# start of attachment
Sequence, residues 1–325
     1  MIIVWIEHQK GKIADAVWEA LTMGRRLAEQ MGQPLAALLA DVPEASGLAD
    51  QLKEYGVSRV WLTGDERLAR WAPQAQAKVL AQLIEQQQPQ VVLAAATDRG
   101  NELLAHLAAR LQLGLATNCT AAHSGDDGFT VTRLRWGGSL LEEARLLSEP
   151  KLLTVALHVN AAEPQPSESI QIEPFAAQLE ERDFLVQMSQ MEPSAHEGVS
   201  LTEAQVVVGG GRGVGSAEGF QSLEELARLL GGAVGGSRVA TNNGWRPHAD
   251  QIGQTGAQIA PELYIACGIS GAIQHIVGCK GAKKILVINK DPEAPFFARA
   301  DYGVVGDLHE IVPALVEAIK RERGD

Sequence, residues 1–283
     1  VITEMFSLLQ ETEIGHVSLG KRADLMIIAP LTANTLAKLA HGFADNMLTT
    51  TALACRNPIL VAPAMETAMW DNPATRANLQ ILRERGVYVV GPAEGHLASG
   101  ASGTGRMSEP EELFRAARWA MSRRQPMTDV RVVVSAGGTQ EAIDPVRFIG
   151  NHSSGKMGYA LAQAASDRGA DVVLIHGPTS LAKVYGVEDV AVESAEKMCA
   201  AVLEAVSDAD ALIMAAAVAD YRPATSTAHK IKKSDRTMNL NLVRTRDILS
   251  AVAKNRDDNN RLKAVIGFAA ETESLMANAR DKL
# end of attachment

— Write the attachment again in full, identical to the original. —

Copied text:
Sequence, residues 1–325
     1  MIIVWIEHQK GKIADAVWEA LTMGRRLAEQ MGQPLAALLA DVPEASGLAD
    51  QLKEYGVSRV WLTGDERLAR WAPQAQAKVL AQLIEQQQPQ VVLAAATDRG
   101  NELLAHLAAR LQLGLATNCT AAHSGDDGFT VTRLRWGGSL LEEARLLSEP
   151  KLLTVALHVN AAEPQPSESI QIEPFAAQLE ERDFLVQMSQ MEPSAHEGVS
   201  LTEAQVVVGG GRGVGSAEGF QSLEELARLL GGAVGGSRVA TNNGWRPHAD
   251  QIGQTGAQIA PELYIACGIS GAIQHIVGCK GAKKILVINK DPEAPFFARA
   301  DYGVVGDLHE IVPALVEAIK RERGD

Sequence, residues 1–283
     1  VITEMFSLLQ ETEIGHVSLG KRADLMIIAP LTANTLAKLA HGFADNMLTT
    51  TALACRNPIL VAPAMETAMW DNPATRANLQ ILRERGVYVV GPAEGHLASG
   101  ASGTGRMSEP EELFRAARWA MSRRQPMTDV RVVVSAGGTQ EAIDPVRFIG
   151  NHSSGKMGYA LAQAASDRGA DVVLIHGPTS LAKVYGVEDV AVESAEKMCA
   201  AVLEAVSDAD ALIMAAAVAD YRPATSTAHK IKKSDRTMNL NLVRTRDILS
   251  AVAKNRDDNN RLKAVIGFAA ETESLMANAR DKL